The third show of The Players 100th season is George Bernard Shaw's classic 1914 play "Pygmalion" which is based on a Greek myth of the same name. Pygmalion is a brilliantly witty reworking of the classical tale of the sculptor who falls in love with his perfect female statue, it is also a barbed attack on the British class system and a statement of Shaw's feminist views. It is set in Spring, 1916 and tells the story of Henry Higgins, a professor of phonetics who is based on phonetician Henry Sweet, who makes a bet with his friend Colonel Pickering that he can successfully pass off a Cockney flower girl Eliza Doolittle, as a refined society lady by teaching her how to speak with an upper class accent and training her in etiquette. He thinks he can turn her into a duchess at ease in polite society but the one thing he overlooks is that his "creation" has a mind of her own. During this six month process, Higgins and Doolittle grow close, but she ultimately rejects his domineering ways and declares she will marry Freddy Eynsford-Hill, a young, poor, gentleman. Her conniving heavy drinking father and his exasperated mother are thrown into the mix as is his disapproving maid who frowns at his scandalous swearing in front of the girl. Also the show is narrated by an actor playing Shaw, himself who helps set up the scenes in the five act play which has been cut down to three swiftly moving acts. The play is familiar in itself and through "My Fair Lady". It is impossible to watch it without silently humming a coda to so many of Shaw's lines. The musical lyricism of Alan Jay Lerner and Frederick Loewe is inescapably wedded to the original play. Director Alma Fontana casts all 20 performers wonderfully especially the leading players, making this 1914 script seem fresh and new again with her cast being rewarded with a standing ovation at the close of the evening with its mixture of comic ecstasy and tragic pain. What will the new creation due with her life after her transformation is what Higgins neglected to think about in his male chauvinistic way.
Alma is aided in her task by producer and stage manager Lydia Matteson and her crew that changes the sets with ease. The main sets designed by Alma and built by Michael Girard are lovely and include Higgins laboratory and Mrs. Higgins drawing room. But it is the costumes by Judy Bowden that are breathtaking including all of Eliza's gown especially her ball gown and Mrs. Eynsford-Hill's bright red dress. The hats are by Ann Bruno. The wonderful lighting is by Ruth Fagan.Shaw's views on feminism are not looked upon favorably by current day audiences by lines like "Yes, you squashed cabbage leaf, you incarnate insult to the English language: I could pass you off as the Queen of Sheba" and the final insult of calling her a slut when she explains that every young girl wants to be loved. Veteran actor David Crossley tackles the role of Higgins, putting his own stamp on this interpretation. Higgins can be tyrannical at times but David brings out an irrepressible overgrown schoolboy by jingling change in his pocket. All his scenes with Pickering, Eliza and his mother are outstanding and the massive amount of dialogue which he utters is, too. Higgins enjoys playing god but he receives his comeuppance as Eliza leaves him proclaiming she will marry Freddy not as the musical implies a romantic future between her and Henry. Every bit David's equal is Kathy Oliverio as Eliza who must make the audience believe in her transition from Cockney flower girl to society woman in a very short amount of time. Kathy shows her to be a tough, working class girl who enters into her pact with Higgins for her own economic advantage. One of the most hilarious scenes is when Eliza makes small talk at Mrs. Higgins home for the first time and talks about her aunt being bumped off, using the scandalous word bloody while describing it. Kathy gives Eliza more strength when she leaves Henry for good as she proclaims that she will now become a phonetics teacher, giving away all of his secret methods while doing so. Both leads excel in their respective roles giving the show a strong foundation for the supporting performers to match their expertise. Bravo! (The five week rehearsal period was cut down to three weeks due to the many snow and ice storms this year but the performers are true troupers with the enormous amount of dialogue they had to learn in such a short rehearsal period.)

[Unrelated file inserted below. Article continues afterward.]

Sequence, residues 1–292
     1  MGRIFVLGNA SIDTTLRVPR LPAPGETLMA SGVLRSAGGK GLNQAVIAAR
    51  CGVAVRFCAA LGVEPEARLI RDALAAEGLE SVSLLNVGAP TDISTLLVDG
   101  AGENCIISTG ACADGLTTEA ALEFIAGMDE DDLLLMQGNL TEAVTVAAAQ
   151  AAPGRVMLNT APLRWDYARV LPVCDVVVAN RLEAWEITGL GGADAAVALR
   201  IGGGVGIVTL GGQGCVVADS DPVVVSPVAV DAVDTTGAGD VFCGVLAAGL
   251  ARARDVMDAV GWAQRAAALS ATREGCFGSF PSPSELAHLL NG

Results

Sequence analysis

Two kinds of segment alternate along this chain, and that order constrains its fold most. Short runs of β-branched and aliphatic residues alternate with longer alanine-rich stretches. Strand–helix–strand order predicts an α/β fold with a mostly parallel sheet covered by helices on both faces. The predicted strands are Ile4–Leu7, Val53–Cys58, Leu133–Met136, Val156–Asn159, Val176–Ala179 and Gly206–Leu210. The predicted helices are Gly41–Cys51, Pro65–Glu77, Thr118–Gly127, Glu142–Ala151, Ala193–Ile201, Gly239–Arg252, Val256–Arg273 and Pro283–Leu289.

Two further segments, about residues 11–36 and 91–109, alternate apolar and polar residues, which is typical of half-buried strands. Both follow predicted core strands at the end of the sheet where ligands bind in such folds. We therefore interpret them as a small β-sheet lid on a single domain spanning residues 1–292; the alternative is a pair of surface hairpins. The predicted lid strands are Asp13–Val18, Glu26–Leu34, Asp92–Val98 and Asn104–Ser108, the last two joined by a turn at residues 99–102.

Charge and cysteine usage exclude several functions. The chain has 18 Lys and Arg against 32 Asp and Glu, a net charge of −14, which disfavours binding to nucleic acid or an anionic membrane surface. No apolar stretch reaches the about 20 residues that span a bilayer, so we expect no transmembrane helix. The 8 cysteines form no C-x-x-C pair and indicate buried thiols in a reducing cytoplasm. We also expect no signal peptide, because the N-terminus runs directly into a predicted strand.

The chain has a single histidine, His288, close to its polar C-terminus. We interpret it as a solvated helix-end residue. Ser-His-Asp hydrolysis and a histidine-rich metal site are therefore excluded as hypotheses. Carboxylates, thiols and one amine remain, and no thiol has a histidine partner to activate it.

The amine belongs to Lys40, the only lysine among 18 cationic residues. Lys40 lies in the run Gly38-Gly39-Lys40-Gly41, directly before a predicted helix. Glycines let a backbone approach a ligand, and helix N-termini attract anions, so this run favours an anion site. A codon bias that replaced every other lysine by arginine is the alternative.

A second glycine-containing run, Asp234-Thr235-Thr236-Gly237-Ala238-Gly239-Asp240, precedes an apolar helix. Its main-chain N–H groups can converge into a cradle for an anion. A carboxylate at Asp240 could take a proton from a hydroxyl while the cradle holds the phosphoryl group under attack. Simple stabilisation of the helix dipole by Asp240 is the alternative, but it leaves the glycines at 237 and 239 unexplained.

Stephen Kay captures the humanity of the Colonel while combining it with complicity in Higgins schemes. He moves from director of the previous show to an actor worth his mettle in this one. Stephen also conveys Pickering's true feelings for the girl in the last scene as he begs her to return to them at Wimpole Street. Trisha McManus shines as Mrs. Higgins who exclaims dismay when Henry shows up at her at-home day and her utter contempt for his ill treatment of Eliza when she runs off to Mrs. Higgins home after the Embassy Ball. Trish radiates a wonderful patrician anger at the folly of the male sex. (Her daughter, Michaela who is a professional actress on Law and Order:SVU was in the audience on opening night.) Mrs. Higgins reprimanding Henry leaves him with bulging eyes and mouth agog. Veteran actress Joan Dillenback portrays Higgins' housekeeper, Mrs. Pearce. She makes this woman who only appears in one scene memorable as she imparts her words of wisdom with imperious intensity, putting her employer in his place. David Adams Murphy who makes his RI debut in this show, is an inspired Alfred P. Doolittle. He is excellent in both of Doolittle's incarnations, as the earthy heavy drinking dustman who sells his daughter for five pounds and as the wealthy lecturer on the evils of middle-class morality who is forced to marry Eliza's sixth stepmother as a new member of that class. Another wonderful performer is Dennis Bouchard who plays the naive young man, Freddy Eynsford-Hill who is infatuated with Eliza's beauty and wit. His bossy, bitchy younger sister, Clara is well played by Sarah Pothier who constantly yells at Freddy to get them a taxi in the opening scene and who laughs at Eliza's small talk, loving to use the new expression bloody over and over again. Their mother is beautifully played by Carole Collins who shows how she wants to bring them up to enter a better class of people. The embassy scene shows how haughty the upper classes are. A hilarious performance as the annoying Hungarian pupil, Nepommuck, who explains to Higgins how he is a better teacher than he is, is played by Richard Nardella complete with handlebar moustache and goatee. Two comical cops are played by Manuel Bairos and Bob Frederiksen. The person who holds this show together is the narrator, Ted Gavriluk who introduces himself to the audience as GB Shaw, describing what actions are taking place and where the performers are heading to next. But the joy of the eveing is that a great play has been successfully performed, reminding us that Shaw's intellectual vitality masked a real sense of life's comedy and pain. So for an excellent rendition of this old chestnut of a show, be sure to catch "Pygmalion" at The Players before time runs out. To join this theatre club for its 100th anniversary season call Lydia at 273-0590.